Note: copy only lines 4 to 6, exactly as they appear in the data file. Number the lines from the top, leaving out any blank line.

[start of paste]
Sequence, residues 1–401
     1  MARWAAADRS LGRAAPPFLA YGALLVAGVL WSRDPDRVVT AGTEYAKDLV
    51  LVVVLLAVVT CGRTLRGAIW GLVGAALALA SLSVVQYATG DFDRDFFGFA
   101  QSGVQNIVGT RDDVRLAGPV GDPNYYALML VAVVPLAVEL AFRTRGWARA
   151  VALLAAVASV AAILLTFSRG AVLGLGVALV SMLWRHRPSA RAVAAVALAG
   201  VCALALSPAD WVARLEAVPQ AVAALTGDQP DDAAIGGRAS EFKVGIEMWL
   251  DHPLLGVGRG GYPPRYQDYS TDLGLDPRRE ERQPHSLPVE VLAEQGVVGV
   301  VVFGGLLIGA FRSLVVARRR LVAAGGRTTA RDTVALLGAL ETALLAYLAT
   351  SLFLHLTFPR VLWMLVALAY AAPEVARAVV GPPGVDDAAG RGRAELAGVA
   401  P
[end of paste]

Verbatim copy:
   101  QSGVQNIVGT RDDVRLAGPV GDPNYYALML VAVVPLAVEL AFRTRGWARA
   151  VALLAAVASV AAILLTFSRG AVLGLGVALV SMLWRHRPSA RAVAAVALAG
   201  VCALALSPAD WVARLEAVPQ AVAALTGDQP DDAAIGGRAS EFKVGIEMWL